List of Illustrations and Tables In Principio: Preface I. Historia: Evidence and Classical History II. Ad Fontes: Sources, Analysis, and What Classical Historians Do III. Praefectus Iudaeae: Pontius Pilatus and His World IV. Pontifices Maximi: Annas, Caiaphas, and the High Priesthood of Jerusalem V. Quaestio: The High Priests' Inquest VI. Cognitio Extra Ordinem: The Trial of the Millennium VII. Summum Supplicium: The Execution and Burial of Jesus VIII. Ad Consummationem: Conclusion Honoris Causa: Acknowledgments Appendix I: The Chronology of the Historical Jesus Appendix II: References to Synedrion in the New Testament Auctoritates: Secondary Sources for Further Reading Index
Mark D. Smith is Professor of History at The College of Idaho and has long served on the Board of Directors for the Bethsaida Excavations Project in Israel.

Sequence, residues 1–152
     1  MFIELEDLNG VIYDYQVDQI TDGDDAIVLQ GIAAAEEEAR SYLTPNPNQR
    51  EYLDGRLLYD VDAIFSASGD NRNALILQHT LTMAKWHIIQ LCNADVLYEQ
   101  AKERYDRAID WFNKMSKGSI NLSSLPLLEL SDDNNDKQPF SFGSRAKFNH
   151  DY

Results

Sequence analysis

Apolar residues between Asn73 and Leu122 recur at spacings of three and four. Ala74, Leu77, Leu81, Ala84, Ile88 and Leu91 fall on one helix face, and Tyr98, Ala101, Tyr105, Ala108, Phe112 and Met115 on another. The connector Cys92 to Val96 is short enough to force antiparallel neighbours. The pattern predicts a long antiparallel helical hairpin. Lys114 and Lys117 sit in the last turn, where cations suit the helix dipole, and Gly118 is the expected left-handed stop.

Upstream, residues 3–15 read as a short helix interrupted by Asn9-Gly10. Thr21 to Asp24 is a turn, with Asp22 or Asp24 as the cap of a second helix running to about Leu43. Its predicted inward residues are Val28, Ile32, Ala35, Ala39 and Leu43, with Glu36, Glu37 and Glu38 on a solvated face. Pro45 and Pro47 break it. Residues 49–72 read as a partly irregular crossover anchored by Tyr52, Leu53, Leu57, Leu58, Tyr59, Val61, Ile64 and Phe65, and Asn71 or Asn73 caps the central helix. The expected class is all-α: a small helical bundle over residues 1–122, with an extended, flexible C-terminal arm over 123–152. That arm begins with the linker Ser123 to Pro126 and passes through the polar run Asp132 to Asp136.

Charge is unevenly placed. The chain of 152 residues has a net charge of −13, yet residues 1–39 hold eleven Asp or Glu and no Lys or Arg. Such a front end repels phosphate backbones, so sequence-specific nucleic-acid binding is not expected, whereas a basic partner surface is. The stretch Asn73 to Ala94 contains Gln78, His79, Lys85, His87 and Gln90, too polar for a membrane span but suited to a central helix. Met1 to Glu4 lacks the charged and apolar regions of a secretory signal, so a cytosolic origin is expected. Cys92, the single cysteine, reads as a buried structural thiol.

"This is a rare achievement: a new angle of vision on the trial and death of Jesus: that of a classical historian of Rome with insight as well into Jewish and Christian history and Biblical scholarship. Scholars will appreciate the convincing analysis, and both scholars and lay readers will find the style clear, sensitive, and pleasing." Jeffrey Burton Russell, Professor of History, emeritus, University of California, Santa Barbara "Mark Smith offers readers a masterful treatment of the death of Jesus and the events that brought it about in his carefully researched and well written book. Smith treats all of the pertinent data and reaches compelling conclusions. Those who wonder what happened to Jesus and why some people wanted to kill him must read Smith's book. Although not its primary focus, The Final Days of Jesus makes some interesting comments on the theology that is at stake." Craig A. Evans, John Bisagno Distinguished Professor of Christian Origins, Houston Baptist University "Detailing the final days of Jesus' life on earth is a theological, literary, archaeological, historical and geographical conundrum which requires many different interpretive skills to understand what really happened and how we know what we think we know about those final days. Many recent authors have tried to write about these moments that are so significant for many around the world. Mark D. Smith's training in the material culture and in the study of the classical world makes The Final Days of Jesus: The Thrill of Defeat, The Agony of Victory the closest to giving us a full rendering of what happened and why." Professor Richard Freund, Maurice Greenberg Professor of Jewish History and Director of the Maurice Greenberg Center for Judaic Studies, University of Hartford "Mark Smith has brought vividly to life the politics that swirled around the arrest and trial of Jesus. Using insight and the latest archaeological findings, Smith explores the inter-dependence of the Roman governor Pilate and the house of the high priest Caiaphas, calling into question the standard narrative of Jesus's trial before the Sanhedrin. A thoughtful perspective, from which readers of all faiths will benefit." H.A. Drake, author of A Century of Miracles 'The result is a fresh, intriguing and compelling account of politcal and religious motivations for Jesus' death. His judicious discussion of the historian's task, make this a most readable, and important contribution to the understanding of teh gospel narratives.' Derek Tovey, Book Review Editor for Stimulus, Volume 25, Issue 1, July 18, 2018 If Smith wanted to bring a richer, more nuanced picture of the final days of Jesus, then he succeeded admirably. As a Roman Historian, looking in from the outside, so to speak, he is like a breath of fresh air. His analysis is sober, reasonable, insightful and compelling. No historical investigation of Jesus's crucifixion can proceed without having Smiths as a dialogue partner. -Markus Cromhout, University of Pretoria The Book as a whole is a refreshingly different and readable interpretation of the historical evidence, reflecting wide reading, classical expertise (reminiscent of A. N. Sherwin-White) and familirarity with Palestinian archaeology David Wenham, Journal for the Study of the New Testament 41(5) 2019